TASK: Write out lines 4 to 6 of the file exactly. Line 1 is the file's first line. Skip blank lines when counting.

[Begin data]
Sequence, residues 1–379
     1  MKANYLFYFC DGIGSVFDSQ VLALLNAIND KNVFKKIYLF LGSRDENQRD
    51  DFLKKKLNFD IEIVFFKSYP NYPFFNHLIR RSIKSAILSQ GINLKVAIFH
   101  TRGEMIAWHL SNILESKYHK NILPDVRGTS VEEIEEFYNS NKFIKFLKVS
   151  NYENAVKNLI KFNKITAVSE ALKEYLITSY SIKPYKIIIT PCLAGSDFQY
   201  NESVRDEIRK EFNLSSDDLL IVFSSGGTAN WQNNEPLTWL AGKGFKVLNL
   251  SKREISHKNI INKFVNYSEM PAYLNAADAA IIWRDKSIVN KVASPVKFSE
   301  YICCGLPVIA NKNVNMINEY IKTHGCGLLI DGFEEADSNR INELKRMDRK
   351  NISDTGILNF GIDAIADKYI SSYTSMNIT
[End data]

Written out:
   101  TRGEMIAWHL SNILESKYHK NILPDVRGTS VEEIEEFYNS NKFIKFLKVS
   151  NYENAVKNLI KFNKITAVSE ALKEYLITSY SIKPYKIIIT PCLAGSDFQY
   201  NESVRDEIRK EFNLSSDDLL IVFSSGGTAN WQNNEPLTWL AGKGFKVLNL